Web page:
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I am new to this forum and need/want advice. I am 46 years old, hold a CPA license and have a Macc from an AACSB accredited university.

My goal is to obtain a doctoral degree and research/teach at a university...not necessarily a top university, but not a small, liberal arts college either.

It appears that I have almost certainly missed the traditional PhD boat due to my advanced age (though I will still apply to several schools). While no program head would admit it, my understanding is that BUSINESS Phds in the U.S. really don't accept students much older than 30.

I've also researched DBAs/Executive Phds too. And while I don't hate the idea of these, the price tags are usually somewhere around $120,000 before travel expenses (these are hybrid programs).

Further, I have ZERO desire to obtain a Phd from a school like Walden, Capella, Northcentral, etc.

So my question is this: what do you think (you obviously can't know) my prospects would be with an out-of-field Phd? There are a few Phd degrees in the U.S. in fields like Human Resources, etc. that are somewhat related...but are not true business degrees. In other words, they would not be AACSB accredited because that is only available for business schools. There are a handful of these programs throughout the U.S. at reputable schools that are both hybrid and affordable.

I would have a Masters in accountancy, a CPA license, and of course the somewhat out-of-field doctorate.

Any advice is appreciated. Just remember...I am 46...not 22 with tons of options.

Thank you

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    Dear Jeff, welcome to our community. I am afraid that your question is too personalised to fit in the scope of Academia.SE. The idea is to ask questions that could apply to others in the future. However, I am sure that there are other questions you could ask that would help you and others in the same situation. I would like to invite you to perform a little search here in some of the questions related to age and academia, it may be useful for you: academia.stackexchange.com/search?q=Age+phd – The Doctor Jun 7 '18 at 19:35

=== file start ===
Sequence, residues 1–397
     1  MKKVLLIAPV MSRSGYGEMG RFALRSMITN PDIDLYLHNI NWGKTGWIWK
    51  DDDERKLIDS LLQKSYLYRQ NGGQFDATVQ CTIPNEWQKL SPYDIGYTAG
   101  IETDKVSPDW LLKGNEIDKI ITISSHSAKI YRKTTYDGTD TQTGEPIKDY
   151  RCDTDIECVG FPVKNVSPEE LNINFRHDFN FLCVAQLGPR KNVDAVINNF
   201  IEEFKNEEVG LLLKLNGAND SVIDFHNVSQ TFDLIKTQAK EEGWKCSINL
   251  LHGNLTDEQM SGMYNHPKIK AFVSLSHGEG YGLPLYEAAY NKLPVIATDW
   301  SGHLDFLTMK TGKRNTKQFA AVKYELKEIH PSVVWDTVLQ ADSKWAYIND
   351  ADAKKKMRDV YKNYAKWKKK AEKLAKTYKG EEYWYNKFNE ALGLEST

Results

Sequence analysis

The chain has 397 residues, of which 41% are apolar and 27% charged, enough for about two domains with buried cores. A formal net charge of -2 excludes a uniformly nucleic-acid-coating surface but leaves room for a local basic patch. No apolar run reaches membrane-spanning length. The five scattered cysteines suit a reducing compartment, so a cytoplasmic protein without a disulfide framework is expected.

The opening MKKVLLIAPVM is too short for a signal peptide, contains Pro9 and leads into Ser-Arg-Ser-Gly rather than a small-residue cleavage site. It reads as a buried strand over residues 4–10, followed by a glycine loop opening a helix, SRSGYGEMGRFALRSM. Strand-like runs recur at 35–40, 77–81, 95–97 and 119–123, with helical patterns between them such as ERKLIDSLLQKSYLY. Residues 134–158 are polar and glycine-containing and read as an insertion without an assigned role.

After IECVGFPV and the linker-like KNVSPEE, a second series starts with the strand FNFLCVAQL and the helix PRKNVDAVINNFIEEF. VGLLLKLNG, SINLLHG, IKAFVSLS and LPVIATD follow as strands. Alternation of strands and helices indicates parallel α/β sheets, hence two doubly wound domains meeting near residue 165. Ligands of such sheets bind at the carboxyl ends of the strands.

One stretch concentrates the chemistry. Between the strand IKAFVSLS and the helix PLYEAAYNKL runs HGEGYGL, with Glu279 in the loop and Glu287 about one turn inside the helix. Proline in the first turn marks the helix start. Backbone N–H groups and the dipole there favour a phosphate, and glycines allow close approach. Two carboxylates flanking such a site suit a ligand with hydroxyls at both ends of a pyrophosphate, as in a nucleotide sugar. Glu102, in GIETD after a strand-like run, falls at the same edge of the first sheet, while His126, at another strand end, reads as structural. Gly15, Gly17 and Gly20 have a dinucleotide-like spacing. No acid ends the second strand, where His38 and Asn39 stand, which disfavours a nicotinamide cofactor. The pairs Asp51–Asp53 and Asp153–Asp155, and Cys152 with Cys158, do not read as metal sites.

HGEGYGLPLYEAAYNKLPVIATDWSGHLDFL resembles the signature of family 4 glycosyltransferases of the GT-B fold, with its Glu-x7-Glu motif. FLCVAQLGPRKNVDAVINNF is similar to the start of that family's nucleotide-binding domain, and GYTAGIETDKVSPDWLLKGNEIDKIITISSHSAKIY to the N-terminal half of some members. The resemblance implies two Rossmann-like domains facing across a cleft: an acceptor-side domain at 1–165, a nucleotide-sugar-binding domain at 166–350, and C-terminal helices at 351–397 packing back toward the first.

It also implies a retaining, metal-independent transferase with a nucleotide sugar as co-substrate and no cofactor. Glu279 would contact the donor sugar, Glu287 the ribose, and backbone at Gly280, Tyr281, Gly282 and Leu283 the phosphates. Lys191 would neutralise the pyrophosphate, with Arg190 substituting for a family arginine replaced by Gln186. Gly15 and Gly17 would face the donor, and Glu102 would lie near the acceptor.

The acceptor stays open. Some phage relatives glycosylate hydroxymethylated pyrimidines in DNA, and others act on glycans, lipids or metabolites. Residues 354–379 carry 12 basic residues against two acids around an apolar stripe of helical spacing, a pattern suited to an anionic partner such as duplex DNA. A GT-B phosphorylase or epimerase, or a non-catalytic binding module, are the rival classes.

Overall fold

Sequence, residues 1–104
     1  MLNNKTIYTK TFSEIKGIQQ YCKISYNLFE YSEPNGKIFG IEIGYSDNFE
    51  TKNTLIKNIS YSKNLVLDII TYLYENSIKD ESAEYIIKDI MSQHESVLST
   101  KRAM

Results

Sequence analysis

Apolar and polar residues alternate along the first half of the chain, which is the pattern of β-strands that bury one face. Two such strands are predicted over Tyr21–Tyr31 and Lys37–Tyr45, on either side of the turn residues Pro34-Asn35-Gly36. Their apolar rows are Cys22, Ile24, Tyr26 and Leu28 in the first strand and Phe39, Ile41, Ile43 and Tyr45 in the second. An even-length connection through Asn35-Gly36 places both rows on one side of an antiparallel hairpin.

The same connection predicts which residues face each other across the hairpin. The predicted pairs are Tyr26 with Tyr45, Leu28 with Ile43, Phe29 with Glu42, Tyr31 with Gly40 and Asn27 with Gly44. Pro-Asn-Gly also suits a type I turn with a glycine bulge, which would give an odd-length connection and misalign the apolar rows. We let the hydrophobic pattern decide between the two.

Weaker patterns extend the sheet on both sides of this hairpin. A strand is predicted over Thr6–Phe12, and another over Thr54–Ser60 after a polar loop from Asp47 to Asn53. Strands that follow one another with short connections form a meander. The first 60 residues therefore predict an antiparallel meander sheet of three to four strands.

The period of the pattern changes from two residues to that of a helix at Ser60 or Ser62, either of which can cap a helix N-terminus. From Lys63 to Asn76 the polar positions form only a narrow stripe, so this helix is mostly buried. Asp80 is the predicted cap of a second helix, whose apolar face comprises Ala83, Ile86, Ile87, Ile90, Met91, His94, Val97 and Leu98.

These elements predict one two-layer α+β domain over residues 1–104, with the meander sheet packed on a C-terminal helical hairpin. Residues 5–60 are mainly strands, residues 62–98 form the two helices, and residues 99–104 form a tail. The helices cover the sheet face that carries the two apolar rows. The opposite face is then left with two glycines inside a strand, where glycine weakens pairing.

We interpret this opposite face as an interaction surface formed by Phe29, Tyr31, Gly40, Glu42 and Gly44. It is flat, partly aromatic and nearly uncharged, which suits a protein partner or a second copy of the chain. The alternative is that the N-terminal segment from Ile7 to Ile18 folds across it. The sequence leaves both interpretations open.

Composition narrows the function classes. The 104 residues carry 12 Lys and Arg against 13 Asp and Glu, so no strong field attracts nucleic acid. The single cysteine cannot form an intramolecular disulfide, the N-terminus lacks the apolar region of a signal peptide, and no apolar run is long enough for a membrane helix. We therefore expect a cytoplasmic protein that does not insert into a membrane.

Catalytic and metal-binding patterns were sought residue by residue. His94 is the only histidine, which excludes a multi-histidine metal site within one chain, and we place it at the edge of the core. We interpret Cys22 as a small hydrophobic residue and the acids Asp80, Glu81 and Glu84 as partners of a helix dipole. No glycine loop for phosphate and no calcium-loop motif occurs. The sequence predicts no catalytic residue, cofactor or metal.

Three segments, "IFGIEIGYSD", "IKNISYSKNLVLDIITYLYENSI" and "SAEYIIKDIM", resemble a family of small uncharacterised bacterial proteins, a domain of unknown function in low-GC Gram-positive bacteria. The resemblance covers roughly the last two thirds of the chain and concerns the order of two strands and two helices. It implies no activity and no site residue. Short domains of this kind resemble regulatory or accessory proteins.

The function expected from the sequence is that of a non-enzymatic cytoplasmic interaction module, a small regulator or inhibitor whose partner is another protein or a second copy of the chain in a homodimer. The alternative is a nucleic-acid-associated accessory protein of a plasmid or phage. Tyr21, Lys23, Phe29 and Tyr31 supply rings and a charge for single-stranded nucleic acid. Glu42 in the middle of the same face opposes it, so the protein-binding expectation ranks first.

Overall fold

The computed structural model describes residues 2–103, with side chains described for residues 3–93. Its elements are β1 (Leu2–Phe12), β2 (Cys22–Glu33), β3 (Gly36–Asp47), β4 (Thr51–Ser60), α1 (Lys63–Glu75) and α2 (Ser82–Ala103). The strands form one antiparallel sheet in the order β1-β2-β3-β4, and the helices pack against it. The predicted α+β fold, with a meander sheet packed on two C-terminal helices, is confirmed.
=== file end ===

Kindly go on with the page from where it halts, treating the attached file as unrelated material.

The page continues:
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    What do you mean by out-of-field doctorate? You don't know what you want to get your PhD in or you just don't want to include it in your question? – Dean MacGregor Jun 8 '18 at 2:27
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    @DeanMacGregor In that case, it is a duplicate: academia.stackexchange.com/questions/24577/… – The Doctor Jun 8 '18 at 2:43
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    If you want a PhD, but you're not too fussed what subject it is in, this begs the question "Why do you want the PhD?". – Flyto Jun 8 '18 at 11:34
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    @JeffFisher You should edit your question to clarify your goal. At the moment, it says that your goal is to teach and says nothing about research, whereas your comment says your goal is research and teaching is something you'd put up with to get that. – David Richerby Jun 8 '18 at 17:30